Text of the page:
Once you have a list of agencies that interest you, prepare a cover letter for each one and send it with your resume, just as you would to apply for any paid position. Refer to the UPenn Career Services web page for sample documents and other tips on protocol. Also include a copy of the URBS Fieldwork Factsheet to assure the agency contact person will have a clear picture of our program and what is expected of student interns. Email is usually the preferred method of communication, but you should check the agency's website to confirm. Plan to interview at a minimum of 2-3 different settings to assure you will have a good fit.

 

  • How can I find out how about other students’ internship experiences?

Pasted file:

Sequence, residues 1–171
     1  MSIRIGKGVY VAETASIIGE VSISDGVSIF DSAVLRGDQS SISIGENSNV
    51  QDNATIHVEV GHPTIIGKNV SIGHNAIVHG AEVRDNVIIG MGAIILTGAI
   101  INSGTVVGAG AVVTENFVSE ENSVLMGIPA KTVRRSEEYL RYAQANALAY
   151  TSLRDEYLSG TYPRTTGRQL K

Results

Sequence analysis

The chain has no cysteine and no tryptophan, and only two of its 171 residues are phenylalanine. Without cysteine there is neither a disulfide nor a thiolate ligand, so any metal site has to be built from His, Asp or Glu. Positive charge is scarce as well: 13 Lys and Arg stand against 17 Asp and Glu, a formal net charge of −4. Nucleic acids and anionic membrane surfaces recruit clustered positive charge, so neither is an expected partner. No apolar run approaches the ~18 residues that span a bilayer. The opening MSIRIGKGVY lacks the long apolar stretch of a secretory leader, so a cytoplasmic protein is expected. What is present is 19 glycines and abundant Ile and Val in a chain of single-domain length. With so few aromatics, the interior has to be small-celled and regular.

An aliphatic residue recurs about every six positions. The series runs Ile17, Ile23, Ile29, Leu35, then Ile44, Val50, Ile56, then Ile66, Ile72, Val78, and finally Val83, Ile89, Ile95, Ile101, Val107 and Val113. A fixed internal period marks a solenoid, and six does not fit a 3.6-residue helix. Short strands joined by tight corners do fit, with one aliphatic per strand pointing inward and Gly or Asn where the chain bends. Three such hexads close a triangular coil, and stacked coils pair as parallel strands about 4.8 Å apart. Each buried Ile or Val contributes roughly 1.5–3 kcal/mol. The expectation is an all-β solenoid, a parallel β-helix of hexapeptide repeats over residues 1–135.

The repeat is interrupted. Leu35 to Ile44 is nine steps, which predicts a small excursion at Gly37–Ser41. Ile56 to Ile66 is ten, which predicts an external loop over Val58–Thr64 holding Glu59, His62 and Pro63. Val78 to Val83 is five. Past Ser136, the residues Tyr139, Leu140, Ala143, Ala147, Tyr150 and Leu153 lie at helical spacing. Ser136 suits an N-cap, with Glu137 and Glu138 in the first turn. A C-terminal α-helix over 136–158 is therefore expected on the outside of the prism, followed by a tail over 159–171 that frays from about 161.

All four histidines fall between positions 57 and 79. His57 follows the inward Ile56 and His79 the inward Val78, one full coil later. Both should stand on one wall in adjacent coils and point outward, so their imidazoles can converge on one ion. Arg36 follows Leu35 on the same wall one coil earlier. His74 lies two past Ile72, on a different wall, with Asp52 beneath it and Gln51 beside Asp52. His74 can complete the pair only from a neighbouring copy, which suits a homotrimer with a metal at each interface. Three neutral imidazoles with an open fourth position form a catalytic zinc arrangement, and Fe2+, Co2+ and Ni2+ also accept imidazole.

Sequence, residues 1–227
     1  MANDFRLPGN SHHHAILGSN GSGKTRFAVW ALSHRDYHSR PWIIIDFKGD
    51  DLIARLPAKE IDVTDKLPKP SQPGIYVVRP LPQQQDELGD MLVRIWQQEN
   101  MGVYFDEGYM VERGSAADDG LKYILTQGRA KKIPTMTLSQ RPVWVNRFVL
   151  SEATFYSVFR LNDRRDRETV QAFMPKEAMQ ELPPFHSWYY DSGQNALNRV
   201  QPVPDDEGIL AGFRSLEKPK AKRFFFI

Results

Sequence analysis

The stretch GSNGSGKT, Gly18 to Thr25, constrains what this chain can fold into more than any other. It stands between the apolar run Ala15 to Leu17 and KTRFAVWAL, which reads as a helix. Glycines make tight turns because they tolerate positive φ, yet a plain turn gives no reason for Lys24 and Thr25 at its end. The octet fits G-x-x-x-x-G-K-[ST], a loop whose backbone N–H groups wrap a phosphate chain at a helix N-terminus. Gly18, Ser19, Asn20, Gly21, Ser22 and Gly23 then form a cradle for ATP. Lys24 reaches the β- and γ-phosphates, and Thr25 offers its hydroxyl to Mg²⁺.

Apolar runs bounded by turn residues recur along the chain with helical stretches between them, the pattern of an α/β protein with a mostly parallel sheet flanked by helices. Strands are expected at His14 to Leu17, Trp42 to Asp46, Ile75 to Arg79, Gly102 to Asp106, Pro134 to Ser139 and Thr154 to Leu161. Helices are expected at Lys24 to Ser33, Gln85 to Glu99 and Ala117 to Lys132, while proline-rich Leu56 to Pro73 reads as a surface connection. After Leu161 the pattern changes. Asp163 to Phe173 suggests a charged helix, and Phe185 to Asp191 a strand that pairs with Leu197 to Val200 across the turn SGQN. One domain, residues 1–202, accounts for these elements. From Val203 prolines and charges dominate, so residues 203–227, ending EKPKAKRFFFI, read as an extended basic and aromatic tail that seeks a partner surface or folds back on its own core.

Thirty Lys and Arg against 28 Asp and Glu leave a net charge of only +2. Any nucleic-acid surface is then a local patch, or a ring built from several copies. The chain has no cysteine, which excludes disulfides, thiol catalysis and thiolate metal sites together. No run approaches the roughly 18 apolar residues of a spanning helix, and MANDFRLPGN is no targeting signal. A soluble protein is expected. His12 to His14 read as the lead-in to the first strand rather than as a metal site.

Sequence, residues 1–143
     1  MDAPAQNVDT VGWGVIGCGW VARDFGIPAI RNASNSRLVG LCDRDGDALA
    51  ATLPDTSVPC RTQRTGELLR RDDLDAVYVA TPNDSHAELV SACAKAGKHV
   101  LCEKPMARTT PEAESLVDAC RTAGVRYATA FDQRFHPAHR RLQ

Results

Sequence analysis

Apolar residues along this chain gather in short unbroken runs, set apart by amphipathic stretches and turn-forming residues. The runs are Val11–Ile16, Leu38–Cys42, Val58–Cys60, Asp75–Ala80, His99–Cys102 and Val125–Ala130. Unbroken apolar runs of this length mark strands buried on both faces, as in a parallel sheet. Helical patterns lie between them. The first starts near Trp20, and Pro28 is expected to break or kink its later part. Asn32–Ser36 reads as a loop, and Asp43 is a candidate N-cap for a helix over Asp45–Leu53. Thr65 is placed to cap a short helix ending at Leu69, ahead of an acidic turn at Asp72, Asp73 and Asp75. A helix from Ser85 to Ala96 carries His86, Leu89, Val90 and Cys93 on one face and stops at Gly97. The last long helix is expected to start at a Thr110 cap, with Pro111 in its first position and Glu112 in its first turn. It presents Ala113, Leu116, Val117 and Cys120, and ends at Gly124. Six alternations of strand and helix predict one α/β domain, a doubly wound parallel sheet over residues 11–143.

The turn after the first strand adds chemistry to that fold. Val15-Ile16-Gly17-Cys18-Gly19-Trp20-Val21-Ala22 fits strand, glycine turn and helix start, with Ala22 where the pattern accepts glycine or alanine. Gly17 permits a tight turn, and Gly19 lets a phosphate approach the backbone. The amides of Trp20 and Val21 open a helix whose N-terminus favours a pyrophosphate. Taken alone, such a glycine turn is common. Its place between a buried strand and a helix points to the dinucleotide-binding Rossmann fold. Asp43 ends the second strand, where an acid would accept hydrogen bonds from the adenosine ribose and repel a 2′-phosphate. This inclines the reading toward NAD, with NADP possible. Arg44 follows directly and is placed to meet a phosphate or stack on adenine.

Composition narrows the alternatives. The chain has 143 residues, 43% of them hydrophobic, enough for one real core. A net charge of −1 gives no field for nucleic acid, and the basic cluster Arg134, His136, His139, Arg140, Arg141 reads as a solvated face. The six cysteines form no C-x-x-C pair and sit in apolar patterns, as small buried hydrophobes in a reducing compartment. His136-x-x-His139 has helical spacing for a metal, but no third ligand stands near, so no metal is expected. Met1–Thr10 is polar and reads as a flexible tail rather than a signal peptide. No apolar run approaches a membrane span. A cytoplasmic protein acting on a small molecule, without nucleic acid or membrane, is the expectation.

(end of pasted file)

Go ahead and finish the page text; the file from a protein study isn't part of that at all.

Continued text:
Urban Studies keeps past student evaluations of their fieldwork experiences on file in the office.  Check with the staff for how to access these evaluations.

 

  • When should I begin looking for a site?

You must have a placement by the time that the spring semester begins, so you need to plan in advance. How early This depends on the agency where you want to work. Some companies make hiring decisions for the spring term as early as October of the previous year, to assure they will be able to staff certain projects. While it is advisable to begin looking for a site as soon as possible, many students do not finalize their placement until the end of the fall term.

 

  • What if I am abroad in the fall term?